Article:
Emilio Rojas _ The Lions Teeth And/Or The World Was Once Flat
You know very well that we are exploiters. You know very well that we took the gold and the metals and then the oil of the ‘new continents’ and brought them back to the old mother countries. Not without excellent results: palaces, cathedrals, industrial capitals; and then whenever crisis threatened, the colonial markets were there to cushion or deflect it. Europe, stuffed with riches, granted de jure humanity to all its inhabitants: for us, a human being means ‘accomplice’, since we have all benefited from colonial exploitation.
Jean Paul Sartre, Preface to The Wretched of the Earth, by Frantz Fanon, Paris, Maspéro, 1961
How are we complicit with the past we inherited? How are we accomplices of the history of what we consume in the present? The tomato traveled from the Andes to Italy, to transform our experience of gastronomy; the potato saved Europe from famine, as did the corn.
The Lion’s Teeth And/Or The World Was Once Flat is Emilio Rojas’ first solo show in Italy. Developed over the past two years this exhibition includes stop motion animation, video, performance, sculpture, photography, text, and drawings. The center of the work is the decolonial and metaphorical study of dandelions as an invasive species. The research began with the collection of 15,000 dandelion heads, over half a million seeds that became the raw material for investigating the historical implications of colonialism through botany. The origin of the name of this plant endemic to Europe, comes from middle French dent de lion, literally “lion’s tooth” (a name given from its serrated leaves).
The dandelion as the central axis of the site-specific installation, interventions, and performances at GALLLERIAPIÙ, ties together botany (dandelions and tomato), anatomy (anatomical theater), geography (Ptolemy’s atlas printed in Bologna in 1477) and colonization (the figure of Christopher Columbus). Through the use of a plant commonly considered as a weed, Rojas establishes a reflection around the ways in which we can decolonize our bodies. Ralph Waldo Emerson once said, “What is a weed? A plant whose virtues have not yet been discovered.”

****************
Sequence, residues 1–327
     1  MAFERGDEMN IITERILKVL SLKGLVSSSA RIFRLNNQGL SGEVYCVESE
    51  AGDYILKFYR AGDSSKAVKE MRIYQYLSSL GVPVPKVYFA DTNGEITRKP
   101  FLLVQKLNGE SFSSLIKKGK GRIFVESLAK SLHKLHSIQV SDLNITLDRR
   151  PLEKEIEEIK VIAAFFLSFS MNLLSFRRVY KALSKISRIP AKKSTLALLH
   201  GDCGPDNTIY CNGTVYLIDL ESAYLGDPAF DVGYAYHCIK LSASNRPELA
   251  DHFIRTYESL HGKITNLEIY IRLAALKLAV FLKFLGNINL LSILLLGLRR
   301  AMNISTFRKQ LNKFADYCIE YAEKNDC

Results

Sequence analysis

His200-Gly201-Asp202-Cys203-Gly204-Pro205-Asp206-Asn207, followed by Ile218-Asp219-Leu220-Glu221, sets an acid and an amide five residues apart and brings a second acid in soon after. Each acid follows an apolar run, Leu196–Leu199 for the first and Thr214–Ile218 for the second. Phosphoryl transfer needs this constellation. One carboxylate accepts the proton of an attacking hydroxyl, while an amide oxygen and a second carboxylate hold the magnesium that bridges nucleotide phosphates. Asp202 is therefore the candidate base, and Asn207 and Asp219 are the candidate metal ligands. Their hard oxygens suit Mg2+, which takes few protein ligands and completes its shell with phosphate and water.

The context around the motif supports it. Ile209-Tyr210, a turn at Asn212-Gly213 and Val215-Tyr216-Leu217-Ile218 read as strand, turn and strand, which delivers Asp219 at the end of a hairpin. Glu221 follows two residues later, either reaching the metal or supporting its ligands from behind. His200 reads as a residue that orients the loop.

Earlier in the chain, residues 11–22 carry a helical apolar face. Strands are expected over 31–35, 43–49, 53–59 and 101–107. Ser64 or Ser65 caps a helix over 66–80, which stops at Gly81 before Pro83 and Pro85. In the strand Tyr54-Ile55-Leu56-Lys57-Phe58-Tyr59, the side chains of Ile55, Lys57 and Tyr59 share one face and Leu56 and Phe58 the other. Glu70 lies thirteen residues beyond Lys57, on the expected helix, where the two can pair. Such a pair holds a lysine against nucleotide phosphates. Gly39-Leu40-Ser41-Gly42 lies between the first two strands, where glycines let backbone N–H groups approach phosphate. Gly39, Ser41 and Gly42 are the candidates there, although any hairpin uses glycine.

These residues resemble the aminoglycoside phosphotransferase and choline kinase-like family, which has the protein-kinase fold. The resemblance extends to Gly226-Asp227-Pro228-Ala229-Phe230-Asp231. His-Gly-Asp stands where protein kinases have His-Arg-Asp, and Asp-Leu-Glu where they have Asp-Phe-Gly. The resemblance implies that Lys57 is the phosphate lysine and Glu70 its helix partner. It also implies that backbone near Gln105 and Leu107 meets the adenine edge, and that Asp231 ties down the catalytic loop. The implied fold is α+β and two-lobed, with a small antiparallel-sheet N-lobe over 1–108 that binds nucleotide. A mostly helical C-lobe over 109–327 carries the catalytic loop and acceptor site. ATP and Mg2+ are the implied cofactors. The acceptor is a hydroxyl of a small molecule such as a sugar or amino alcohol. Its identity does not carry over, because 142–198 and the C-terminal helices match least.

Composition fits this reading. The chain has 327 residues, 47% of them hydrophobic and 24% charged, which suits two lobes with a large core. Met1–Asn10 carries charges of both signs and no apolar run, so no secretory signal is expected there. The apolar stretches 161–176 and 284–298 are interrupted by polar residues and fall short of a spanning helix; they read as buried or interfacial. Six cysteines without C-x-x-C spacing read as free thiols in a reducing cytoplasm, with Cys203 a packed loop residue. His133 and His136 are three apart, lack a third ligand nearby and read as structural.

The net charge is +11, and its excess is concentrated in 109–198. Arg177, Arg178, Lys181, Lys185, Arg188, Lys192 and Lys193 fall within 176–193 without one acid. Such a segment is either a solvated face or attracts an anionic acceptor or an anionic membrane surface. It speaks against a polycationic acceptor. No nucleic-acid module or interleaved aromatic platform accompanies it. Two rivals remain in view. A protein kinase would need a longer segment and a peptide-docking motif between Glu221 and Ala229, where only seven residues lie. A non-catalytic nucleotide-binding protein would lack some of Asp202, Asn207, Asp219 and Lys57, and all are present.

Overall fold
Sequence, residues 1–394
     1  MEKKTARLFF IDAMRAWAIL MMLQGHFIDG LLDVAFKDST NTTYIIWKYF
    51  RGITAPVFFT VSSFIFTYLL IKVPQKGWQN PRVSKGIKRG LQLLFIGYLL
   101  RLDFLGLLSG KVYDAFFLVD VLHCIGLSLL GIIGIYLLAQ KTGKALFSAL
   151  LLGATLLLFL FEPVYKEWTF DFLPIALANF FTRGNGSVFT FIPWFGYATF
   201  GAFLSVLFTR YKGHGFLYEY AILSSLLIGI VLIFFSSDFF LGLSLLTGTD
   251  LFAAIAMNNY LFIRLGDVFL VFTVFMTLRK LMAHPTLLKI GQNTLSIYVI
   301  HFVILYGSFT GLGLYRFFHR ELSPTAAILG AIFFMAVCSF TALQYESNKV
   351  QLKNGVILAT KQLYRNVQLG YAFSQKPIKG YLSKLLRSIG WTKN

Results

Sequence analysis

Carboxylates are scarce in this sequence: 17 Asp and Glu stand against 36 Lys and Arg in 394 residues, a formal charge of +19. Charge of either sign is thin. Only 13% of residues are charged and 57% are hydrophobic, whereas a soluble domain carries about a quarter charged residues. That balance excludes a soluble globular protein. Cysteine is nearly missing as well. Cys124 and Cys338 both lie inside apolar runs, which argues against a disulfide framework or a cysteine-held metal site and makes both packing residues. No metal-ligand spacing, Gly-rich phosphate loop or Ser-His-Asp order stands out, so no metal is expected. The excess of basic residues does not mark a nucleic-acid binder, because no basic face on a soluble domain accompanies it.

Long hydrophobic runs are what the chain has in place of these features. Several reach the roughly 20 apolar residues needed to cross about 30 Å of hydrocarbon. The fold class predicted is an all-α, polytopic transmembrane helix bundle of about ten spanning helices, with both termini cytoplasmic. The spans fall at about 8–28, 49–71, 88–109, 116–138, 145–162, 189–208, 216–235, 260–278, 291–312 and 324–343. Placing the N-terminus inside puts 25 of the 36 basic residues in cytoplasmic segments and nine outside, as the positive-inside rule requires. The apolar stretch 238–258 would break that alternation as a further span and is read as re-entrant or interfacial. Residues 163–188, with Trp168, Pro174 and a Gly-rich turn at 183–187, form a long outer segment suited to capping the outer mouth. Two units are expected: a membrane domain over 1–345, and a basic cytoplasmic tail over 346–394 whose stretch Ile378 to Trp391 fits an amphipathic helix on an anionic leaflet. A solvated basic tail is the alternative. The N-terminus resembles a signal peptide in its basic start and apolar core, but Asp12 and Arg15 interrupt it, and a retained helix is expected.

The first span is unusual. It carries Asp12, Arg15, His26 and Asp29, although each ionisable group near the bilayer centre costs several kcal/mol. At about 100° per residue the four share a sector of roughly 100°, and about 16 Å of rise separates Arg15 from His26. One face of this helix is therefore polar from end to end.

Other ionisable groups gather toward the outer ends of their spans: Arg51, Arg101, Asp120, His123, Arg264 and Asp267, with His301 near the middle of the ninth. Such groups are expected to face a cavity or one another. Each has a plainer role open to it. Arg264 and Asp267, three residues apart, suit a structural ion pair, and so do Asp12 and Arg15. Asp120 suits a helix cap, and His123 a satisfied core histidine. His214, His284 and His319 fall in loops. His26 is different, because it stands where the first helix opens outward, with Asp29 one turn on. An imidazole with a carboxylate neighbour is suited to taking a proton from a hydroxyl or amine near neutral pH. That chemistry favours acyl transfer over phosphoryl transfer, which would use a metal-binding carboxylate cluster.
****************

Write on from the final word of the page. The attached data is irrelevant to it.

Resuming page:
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Emilio Rojas (ca.1985, Mexico City) is a multidisciplinary artist, working primarily with the body in performance, using film, video, photography, installation, public interventions and sculpture. Rojas utilizes his body in a political and critical way, as an instrument to unearth removed traumas, embodied forms of decolonization, migration and poetics of space. He has attended numerous residencies including the Banff Centre, Elsewhere Museum, the Surrey Art Gallery, the Botin Foundation, Hammock Residency, and Pirate Camp: Stateless Pavilion at the 54th Venice Biennale. His works have been exhibited in the US, Mexico, Canada, Japan, Austria, England, Greece, France, Germany, Italy, Spain and Australia. Besides his artistic practice, Emilio is also a translator, community activist, yoga teacher, and anti- oppression facilitator with queer, migrant and refugee youth. He is currently pursuing an MFA in the performance department at the School of the Art Institute of Chicago (2017), where he was awarded the New Artist Society Scholarship. Rojas also collaborates with Mexican artist Adela Goldbard under the collective name El Coyote Cojo, a research-based, cross-disciplinary collective that magnifies areas of political tension in bi-national relationships through the creation of site-specific artistic projects attempting to visualize and juxtapose suppressed histories and occluded narratives – dismemberment, prosthetics, violence, nationhood, and crisis – within current socio-political issues. The first project of the collective, Phantom Limb, received the Shapiro EAGER Grant, and they recently opened their first solo show in Public Access Gallery in Chicago, as well as a commissioned performance at the Stony Island Art Bank a project space by the Rebuild Foundation, founded and led by artist Theaster Gates. Galeria Jose de la Fuente in Spain represents Rojas’ work.
In collaboration with Biblioteca Universitaria di Bologna